ITHACA, N.Y. — The spotted lanternfly – an invasive, destructive pest with a wide range of hosts including grapes, apples, hops, maple and walnut – has spread to a growing number of counties in New York state.
The first major infestation in the state was detected in Staten Island in August 2020, and the insect appears to have established itself there.
The pest has also been reported and confirmed in Sloatsburg, Rockland County; Port Jervis, Orange County; and in Ithaca.
While the tree of heaven is the pest’s preferred host, the insect is of agricultural concern as its host range covers some 70 different species of plants, including those that fuel the state’s agricultural economy. New York is the country’s second-largest apple producer with average annual harvests of close to 30 million bushels. The state’s wine industry – from grape growing to bottle sales – generates an annual economic impact of $6.65 billion, according to the New York Wine and Grape Foundation.
“Once these insects reach some of the [state’s] grape production areas, there’s going to be an impact,” said Alejandro Calixto, director of the New York State Integrated Pest Management program at Cornell University.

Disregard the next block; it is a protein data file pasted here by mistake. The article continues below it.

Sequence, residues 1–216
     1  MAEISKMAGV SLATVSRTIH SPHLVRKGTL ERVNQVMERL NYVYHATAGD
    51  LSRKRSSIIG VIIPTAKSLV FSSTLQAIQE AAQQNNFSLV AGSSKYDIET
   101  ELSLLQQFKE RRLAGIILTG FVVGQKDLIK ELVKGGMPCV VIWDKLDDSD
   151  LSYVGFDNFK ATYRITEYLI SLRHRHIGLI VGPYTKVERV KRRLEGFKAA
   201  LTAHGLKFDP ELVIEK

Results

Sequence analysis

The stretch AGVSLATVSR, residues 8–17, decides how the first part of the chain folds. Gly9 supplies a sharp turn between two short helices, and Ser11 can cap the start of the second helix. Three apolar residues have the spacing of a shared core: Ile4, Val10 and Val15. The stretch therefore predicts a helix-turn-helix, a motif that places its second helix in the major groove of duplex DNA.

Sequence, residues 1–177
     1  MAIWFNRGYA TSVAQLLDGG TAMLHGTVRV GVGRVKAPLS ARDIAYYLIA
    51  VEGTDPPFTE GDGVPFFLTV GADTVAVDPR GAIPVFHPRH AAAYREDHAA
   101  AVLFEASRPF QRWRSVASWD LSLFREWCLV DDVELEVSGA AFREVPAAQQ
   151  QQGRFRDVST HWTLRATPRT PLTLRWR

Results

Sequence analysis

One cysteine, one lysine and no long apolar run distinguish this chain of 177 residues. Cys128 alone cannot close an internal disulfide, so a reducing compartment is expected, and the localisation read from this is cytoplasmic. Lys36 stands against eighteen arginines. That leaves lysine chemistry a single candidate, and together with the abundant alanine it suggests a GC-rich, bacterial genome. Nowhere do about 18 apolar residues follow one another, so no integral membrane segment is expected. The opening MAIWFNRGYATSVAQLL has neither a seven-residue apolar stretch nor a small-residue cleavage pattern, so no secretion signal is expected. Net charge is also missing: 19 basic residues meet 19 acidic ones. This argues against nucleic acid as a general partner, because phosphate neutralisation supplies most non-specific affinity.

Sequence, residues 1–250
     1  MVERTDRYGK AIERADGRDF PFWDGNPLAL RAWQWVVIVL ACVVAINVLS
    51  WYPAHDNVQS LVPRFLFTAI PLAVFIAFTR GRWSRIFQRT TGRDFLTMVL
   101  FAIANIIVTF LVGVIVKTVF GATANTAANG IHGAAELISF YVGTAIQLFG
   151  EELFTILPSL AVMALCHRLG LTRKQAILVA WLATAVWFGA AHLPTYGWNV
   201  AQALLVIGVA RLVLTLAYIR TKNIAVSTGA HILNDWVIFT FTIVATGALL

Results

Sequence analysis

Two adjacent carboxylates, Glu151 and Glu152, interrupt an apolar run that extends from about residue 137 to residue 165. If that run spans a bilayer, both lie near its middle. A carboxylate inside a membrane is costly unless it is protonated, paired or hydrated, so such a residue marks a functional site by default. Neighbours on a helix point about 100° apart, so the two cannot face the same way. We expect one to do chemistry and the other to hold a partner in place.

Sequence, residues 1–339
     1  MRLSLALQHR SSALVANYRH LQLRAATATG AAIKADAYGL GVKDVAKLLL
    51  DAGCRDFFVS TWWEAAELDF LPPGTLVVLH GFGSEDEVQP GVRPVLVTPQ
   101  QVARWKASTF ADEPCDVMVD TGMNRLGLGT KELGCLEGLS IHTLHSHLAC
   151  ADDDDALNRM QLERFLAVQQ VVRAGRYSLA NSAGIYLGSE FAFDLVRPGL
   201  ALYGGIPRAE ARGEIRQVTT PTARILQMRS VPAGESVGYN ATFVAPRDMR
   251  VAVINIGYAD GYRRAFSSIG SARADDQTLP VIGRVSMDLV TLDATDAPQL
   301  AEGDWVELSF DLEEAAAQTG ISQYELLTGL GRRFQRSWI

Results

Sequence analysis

To help with outreach and education in the state’s agricultural communities, Cornell has been running trainings for industry workers. “They’re the ones on the front lines, so we’re teaching them how to identify and spot those insects and then to report them to their managers so they can take action quickly,” Calixto said.
Although they don’t bite or sting, and pose no threat to people or animals they can become quite a nuisance. The nymphs and adults have mouthparts that drill into plants and suck sap, causing damage that makes plants susceptible to other bugs and disease. They also excrete a sticky fluid called honeydew, which attracts other insects, sticks on cars and can become a breeding ground for sooty mold.
If members of the public find a spotted lanternfly, they should contact the New York State Department of Agriculture and Markets (Ag and Markets), Cornell University, or their county or town to report it, Calixto said. “Early detection is very important,” he said.
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